Certainly I think the barracking should be dealt with. As you note it is already against rules. Problem is people say they don't like the childish barracking of PMQs but I think they actually do, so even though everyone says it is a problem and therefore should be easy to resolve, they won't do so as secretly the MPs know people like the drama.

    Bercow, for all his faults, seemed to know that, and so while he would criticise it he turned it into his own comedy stand up hour while telling them to be quiet.
    Barracking at PMQs has been greatly reduced at the behest of Boris and the Conservative whips.
  • CharlesCharles Posts: 35,758
    eek said:

    FPT:

    Regarding Andy the King of The North Burnham. Mate of mine yesterday pointed out that the Andy Burnham Gary Neville Jamie Carragher axis of northern based commentators seem to reach all kinds of people that serkeir can only dream of.

    "Imagine what happens if Gareth Southgate gets involved..." he said, and yeah, imagine. Other countries have seen sports stars transition into politics and become Governor, Prime Minister and President. Even if GNev doesn't fancy the top job himself, he and his northern mates could do a lot to influence a lot of people away from Boris and the bungocracy towards an alternative.

    Lots has been said about Burnham not being available for the leadership. Cobblers, a safe seat can be found quickly enough should it come down to it. Stepping away from Westminster as Jezbollah poisoned the well was a smart move - Burnham not only is seen as a clean skin, he is also delivering as Mayor of Greater Lancashire.

    I think that is frankly b****cks. In this country to represent Labour you need to use Local Schools and NHS hospitals I am sure we can all think of the Labour politicians sending their kids to private schools whilst advocating closing private schools to their voters. This is because it is a big issue for Labour.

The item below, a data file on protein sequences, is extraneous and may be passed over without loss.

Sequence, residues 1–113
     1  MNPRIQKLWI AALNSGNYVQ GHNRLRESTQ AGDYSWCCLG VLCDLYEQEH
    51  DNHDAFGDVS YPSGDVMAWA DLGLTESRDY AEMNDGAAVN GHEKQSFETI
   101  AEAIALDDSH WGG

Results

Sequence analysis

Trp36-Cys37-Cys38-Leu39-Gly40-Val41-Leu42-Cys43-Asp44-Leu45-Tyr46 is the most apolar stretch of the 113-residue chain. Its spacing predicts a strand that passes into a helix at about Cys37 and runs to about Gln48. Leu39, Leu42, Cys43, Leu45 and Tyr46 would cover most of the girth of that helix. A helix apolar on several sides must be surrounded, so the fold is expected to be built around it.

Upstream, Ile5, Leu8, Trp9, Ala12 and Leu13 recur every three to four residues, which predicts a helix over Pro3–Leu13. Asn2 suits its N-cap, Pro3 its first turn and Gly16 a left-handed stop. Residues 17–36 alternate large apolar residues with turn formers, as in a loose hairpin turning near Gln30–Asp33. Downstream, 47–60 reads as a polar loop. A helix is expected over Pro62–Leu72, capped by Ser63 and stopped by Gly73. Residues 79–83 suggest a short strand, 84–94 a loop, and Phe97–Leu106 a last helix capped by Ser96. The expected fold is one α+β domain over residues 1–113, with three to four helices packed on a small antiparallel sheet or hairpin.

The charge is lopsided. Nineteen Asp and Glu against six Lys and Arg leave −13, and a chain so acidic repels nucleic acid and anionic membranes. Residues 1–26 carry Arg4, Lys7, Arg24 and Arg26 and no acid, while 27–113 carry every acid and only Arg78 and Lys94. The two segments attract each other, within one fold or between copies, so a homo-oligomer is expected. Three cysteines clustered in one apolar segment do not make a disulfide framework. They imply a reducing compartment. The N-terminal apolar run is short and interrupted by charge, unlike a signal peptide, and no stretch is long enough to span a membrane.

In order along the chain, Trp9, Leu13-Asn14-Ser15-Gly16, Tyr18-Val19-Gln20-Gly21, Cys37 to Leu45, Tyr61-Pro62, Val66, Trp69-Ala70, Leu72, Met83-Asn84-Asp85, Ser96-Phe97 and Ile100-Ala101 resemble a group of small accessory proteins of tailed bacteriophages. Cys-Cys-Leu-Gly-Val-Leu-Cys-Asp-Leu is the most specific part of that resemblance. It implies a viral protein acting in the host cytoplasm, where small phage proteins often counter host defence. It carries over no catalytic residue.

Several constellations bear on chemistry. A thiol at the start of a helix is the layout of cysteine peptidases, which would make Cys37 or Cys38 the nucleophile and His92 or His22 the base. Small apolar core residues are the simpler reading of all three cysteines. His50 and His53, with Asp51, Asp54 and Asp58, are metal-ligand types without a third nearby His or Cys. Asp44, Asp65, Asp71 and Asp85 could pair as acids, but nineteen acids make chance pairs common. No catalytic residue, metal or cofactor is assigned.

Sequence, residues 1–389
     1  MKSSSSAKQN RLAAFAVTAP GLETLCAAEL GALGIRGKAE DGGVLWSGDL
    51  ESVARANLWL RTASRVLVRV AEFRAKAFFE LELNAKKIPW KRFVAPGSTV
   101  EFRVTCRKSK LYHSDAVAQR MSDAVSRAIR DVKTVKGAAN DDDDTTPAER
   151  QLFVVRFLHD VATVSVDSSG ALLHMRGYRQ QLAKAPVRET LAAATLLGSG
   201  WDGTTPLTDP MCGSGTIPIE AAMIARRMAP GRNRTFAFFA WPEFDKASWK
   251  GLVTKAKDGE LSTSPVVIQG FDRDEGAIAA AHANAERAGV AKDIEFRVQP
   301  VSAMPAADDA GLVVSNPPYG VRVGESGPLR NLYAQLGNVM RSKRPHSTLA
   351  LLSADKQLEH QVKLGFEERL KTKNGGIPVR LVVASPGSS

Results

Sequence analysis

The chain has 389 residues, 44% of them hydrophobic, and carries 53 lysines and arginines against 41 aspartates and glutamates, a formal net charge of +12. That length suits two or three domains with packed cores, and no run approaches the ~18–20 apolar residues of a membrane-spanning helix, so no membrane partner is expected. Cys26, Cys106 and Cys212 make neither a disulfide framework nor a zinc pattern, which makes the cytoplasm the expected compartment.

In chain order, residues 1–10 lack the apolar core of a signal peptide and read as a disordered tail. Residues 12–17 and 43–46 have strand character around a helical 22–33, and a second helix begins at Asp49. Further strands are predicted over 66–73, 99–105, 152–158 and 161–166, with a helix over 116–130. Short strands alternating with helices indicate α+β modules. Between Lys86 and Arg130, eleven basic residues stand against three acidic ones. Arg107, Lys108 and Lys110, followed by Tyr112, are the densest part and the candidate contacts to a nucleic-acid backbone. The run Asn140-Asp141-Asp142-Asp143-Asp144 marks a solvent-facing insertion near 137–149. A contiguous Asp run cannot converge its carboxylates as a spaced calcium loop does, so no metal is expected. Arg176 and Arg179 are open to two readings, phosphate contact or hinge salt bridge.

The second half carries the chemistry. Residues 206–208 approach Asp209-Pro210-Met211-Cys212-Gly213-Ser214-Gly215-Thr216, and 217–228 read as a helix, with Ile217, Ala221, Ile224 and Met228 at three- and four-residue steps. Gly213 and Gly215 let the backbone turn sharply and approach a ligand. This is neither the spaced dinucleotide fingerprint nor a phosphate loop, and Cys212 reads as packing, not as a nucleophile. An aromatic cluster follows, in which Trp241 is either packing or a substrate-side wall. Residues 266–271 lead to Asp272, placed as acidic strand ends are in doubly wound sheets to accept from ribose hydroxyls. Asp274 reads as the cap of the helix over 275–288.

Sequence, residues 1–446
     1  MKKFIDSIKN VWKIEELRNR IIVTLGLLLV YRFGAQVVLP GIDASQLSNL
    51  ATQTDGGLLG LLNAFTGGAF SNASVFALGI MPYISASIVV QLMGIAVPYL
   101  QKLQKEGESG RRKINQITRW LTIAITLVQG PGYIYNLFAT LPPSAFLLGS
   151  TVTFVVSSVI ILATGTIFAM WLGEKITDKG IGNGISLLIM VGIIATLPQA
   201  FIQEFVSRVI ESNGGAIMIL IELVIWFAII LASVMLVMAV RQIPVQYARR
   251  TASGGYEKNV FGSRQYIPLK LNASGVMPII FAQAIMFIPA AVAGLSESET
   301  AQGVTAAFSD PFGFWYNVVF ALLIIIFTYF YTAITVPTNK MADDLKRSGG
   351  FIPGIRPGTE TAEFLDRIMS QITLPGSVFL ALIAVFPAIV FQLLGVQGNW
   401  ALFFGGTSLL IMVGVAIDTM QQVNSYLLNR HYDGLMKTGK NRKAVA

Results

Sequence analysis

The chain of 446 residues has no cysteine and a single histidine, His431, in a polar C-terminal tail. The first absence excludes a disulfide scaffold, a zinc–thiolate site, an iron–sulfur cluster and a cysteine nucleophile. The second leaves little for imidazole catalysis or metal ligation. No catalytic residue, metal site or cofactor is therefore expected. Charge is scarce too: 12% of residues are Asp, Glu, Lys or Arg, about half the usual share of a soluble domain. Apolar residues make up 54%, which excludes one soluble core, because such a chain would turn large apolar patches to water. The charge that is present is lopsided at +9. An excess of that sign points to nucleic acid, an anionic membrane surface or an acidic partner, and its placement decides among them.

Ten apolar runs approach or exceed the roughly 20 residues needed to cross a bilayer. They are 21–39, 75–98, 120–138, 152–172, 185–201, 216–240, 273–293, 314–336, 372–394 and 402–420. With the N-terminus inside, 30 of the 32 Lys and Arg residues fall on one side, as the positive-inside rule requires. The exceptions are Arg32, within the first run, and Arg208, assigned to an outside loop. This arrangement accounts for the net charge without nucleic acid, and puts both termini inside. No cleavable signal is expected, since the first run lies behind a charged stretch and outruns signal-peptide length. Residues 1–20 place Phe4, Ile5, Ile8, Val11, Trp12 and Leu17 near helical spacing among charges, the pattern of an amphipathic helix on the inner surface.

And Andy Burnham is a fantastic opposer and local voice but he frankly got mullered by Milliband and Corbyn. Do we really think he has 'it' to convince people he should be the next leader. Next he's not from London which shouldn't matter but seems to help Labour leaders, and finally Labour should be embarrassed they have not had a woman or ethnic minority leader and might want to do something about that.

    Apart from that he's got a pretty good chance.
    Burnham made ONE mistake in 2015. Harperson wanted to abstain on some bill, it was totemic, and Burnham got caught in the headlights. He knew that abstaining at 2nd reading didn't let the bill pass, but didn't get the impact the image of this had on the leadership campaign. I and so many others pulled our support of him.

    What dropping out of the Commons has allowed him to do is regain his composure and play on the national stage from a smaller platform. The Burnham of today has learned huge amounts vs the Burnham of 2015.
    Burnham's other issue is that he can't be mayor of Manchester and also an MP.

    Which means if he wishes to lead the Labour party the only way he can do so is by quitting his current role and that risks immediate irrelevancy if he isn't lucky.
    I know you need to be an MP to *lead* the Labour Party. Do you need to be an MP to be *elected* as leader?
  • Philip_ThompsonPhilip_Thompson Posts: 65,826

    Mr. Borough, it's pathetic from Starmer.

    Stupid politically, as well as being the wrong thing.

    Johnson's excuse is that he's a moron easily led astray. What's Starmer's?

    FFS.

    I know OGH loves SKS, but he has had so many open goals that he has missed, he is just not a good politician.
    That may be true, but open goals are a target rich environment when you have a cretin like Bozo as PM. You don't have to be Marcus Rashford to miss one once in a while when so many are presented on a daily basis.
    Oh come on! You don't have to be a fan of Boris to wonder whether Starmer is ever going to put the ball into the net.

    If Boris was as much of a cretin as you make out, you'd think he should be polling like Corbyn - rather than Starmer polling like Corbyn.
  • LeonLeon Posts: 19,357
    As of this moment, Britain is 4th in the medal table, and Germany is.... 36th.

    It will presumably evolve but still. Lol
  • Nigel_ForemainNigel_Foremain Posts: 10,465
    kjh said:

    Mr. Borough, it's pathetic from Starmer.

    Stupid politically, as well as being the wrong thing.

    Johnson's excuse is that he's a moron easily led astray. What's Starmer's?

    FFS.

    I know OGH loves SKS, but he has had so many open goals that he has missed, he is just not a good politician.
    OGH is a LD
    Yes but still possible to like SKS though. I quite like SKS even though I am a moderate Tory, mainly because I think he is intelligent and largely credible, which is a massive improvement on his predecessor, even though he is still getting a lot of stuff wrong. He is also not a lying, bumbling twat like the current leader of the Conservative Party.
  • DavidLDavidL Posts: 42,357